Kidney Patients: The Senate voted unanimously to approve legislation that would allow persons who are under age 65 but eligible for Medicare because of disability or end-stage kidney disease to purchase Medicare supplemental health insurance. SB 316 is primarily intended to help kidney patients pay expenses for dialysis treatments. It would also save the state $20 million over five years. SB 316 now goes to the House for its consideration.

Harbison legislation clears Senate Committee

Legislation I introduced, addressing the issue of who has the right to handle the disposition of the body of a deceased U.S. service member, was unanimously approved by the Senate Veterans, Military and Homeland Security Committee on Feb. 10.

I proposed SB 355 as a result of several stories from families who were plagued by the decision of who would handle their deceased loved one’s body. Kept in the U.S. Department of Defense Record of Emergency Data, DD Form 93 allows the service member to designate an authorized person to handle their body in the event of death. My legislation would ensure this form is utilized in Georgia, ending any disputes over the matter. SB 355 now awaits consideration by the full Senate.

This week, I also co-sponsored legislation that would provide much-needed assistance to U.S. military veterans who want to attend one of Georgia’s public colleges or universities. SB 405 would allow veterans who have enrolled but have not received their G.I. Bill money to attend classes until that assistance arrives from the Veterans Administration.

Currently, service members returning from active duty in Iraq or Afghanistan are unable to remain in a University System institution while awaiting their financial aid to arrive. Some have been kicked out of school, dropped from classes or assessed fines. This is no way to treat the troops who have put their lives on the line for our country. Our legislation would provide a grace period for these veterans to get their finances in order without delaying their pursuit of a college degree.

Board of Regents officials have expressed support for SB 405. A separate measure, SB 404, would excuse veterans from taking certain classes that they may have taken in the military. Both bills were referred to the Senate Higher Education Committee for its consideration.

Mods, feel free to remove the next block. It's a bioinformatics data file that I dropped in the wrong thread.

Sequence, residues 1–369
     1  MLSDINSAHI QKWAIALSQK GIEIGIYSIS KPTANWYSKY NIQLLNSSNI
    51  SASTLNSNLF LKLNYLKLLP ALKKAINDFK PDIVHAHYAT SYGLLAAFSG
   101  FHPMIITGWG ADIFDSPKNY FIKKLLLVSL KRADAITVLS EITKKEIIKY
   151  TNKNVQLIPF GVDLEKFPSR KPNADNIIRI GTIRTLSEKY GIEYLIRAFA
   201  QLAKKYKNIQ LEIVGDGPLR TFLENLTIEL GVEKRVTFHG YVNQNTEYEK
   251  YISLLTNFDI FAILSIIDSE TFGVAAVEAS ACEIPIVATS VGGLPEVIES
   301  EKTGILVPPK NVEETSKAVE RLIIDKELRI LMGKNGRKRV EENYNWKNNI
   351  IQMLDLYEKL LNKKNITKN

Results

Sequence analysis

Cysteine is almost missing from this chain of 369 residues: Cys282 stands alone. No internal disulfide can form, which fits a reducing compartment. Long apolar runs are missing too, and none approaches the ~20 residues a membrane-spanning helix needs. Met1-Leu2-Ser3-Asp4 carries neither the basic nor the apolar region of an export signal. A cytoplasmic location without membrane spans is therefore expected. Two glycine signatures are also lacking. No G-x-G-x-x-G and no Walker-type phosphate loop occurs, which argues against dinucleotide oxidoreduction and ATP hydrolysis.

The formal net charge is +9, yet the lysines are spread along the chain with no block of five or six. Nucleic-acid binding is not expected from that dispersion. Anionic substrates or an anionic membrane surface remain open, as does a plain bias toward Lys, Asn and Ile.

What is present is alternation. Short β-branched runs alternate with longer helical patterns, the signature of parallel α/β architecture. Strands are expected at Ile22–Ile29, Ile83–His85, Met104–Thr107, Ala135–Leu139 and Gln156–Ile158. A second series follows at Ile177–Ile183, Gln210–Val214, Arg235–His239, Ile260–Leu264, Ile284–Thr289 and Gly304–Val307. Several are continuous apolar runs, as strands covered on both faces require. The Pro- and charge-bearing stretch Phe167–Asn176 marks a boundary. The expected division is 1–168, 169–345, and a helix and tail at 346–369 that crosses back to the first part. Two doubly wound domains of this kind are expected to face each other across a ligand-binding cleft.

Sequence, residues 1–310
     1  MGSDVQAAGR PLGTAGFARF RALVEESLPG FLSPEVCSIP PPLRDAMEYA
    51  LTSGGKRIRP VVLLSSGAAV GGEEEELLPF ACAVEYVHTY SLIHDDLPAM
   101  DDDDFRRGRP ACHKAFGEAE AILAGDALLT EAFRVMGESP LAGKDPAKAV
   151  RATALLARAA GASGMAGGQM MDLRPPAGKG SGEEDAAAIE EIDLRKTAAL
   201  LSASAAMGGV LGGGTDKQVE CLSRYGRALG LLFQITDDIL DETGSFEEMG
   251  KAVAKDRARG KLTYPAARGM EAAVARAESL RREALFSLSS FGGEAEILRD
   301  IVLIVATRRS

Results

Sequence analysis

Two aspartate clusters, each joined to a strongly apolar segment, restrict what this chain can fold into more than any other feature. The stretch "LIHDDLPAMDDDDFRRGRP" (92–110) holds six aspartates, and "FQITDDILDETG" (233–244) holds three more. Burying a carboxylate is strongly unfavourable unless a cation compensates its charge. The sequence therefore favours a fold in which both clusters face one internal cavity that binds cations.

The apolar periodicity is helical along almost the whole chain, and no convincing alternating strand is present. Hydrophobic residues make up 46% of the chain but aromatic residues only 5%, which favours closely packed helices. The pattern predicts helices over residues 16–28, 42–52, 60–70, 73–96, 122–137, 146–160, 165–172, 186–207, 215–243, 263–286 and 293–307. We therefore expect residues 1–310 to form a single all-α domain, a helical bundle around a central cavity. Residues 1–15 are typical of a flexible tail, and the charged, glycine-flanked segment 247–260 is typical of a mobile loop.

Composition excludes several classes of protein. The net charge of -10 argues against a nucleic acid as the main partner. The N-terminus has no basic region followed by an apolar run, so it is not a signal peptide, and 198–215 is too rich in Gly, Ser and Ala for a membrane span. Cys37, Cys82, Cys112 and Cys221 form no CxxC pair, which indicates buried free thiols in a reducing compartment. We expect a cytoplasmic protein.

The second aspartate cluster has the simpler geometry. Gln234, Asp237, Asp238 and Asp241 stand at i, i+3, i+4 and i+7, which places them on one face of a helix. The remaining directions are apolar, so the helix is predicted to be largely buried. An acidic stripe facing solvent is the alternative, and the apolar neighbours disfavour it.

Real Estate Loans: The Senate voted unanimously to give final approval to HB 926, which would make it easier for business owners to renew real estate loans with their local bank. State-chartered banks are currently barred from renewing loans to borrowers who owe an amount equal to at least 15 percent of a banks available funds. This measure would eliminate that restriction, allowing these companies to stay in business. The governor signed the bill into law on Thursday.

Revenues Fall Again: For the 14th consecutive month, state revenues declined in January. The 8.7 percent drop from the same month a year ago brings the total revenue shortfall for the first seven months of fiscal year 2010 to $1.28 billion, a decline of 12.9 percent from the previous year. Income tax collections were off 16 percent in January, while sales tax collections were down 5.5 percent. Corporate income tax collections actually experienced a huge 634 percent gain, but that is the smallest portion of revenue and was not enough to offset the other losses.

Communications Deregulation: The Senate approved an amended version legislation that would remove most remaining regulations on the telecommunications industry in Georgia. HB 168 would lower access charges, which are still fixed at 1995 rates, to current market rates. The measure goes back to the House of Representatives for final consideration.

Paperwork Reduction: Legislation has been introduced that is intended to cut government spending by reducing its paperwork. SB 388 was recommended by a task force of business leaders appointed by Lt. Gov. Casey Cagle to suggest ways the Legislature could cut spending in the current state budget. The measure would require state agencies to publish information in an electronic format rather than printing it as a paper document, except in cases where current law requires a printed format. The Senate State & Local Government Operations Committee will consider the proposal.

Ethics Legislation:SB 394, introduced this week, would prohibit anyone who has had an ethics fine levied against them in the past 10 years from serving on the State Ethics Commission. The measure is intended to increase public trust in the Ethics Commission. The Senate Ethics Committee has the bill under consideration.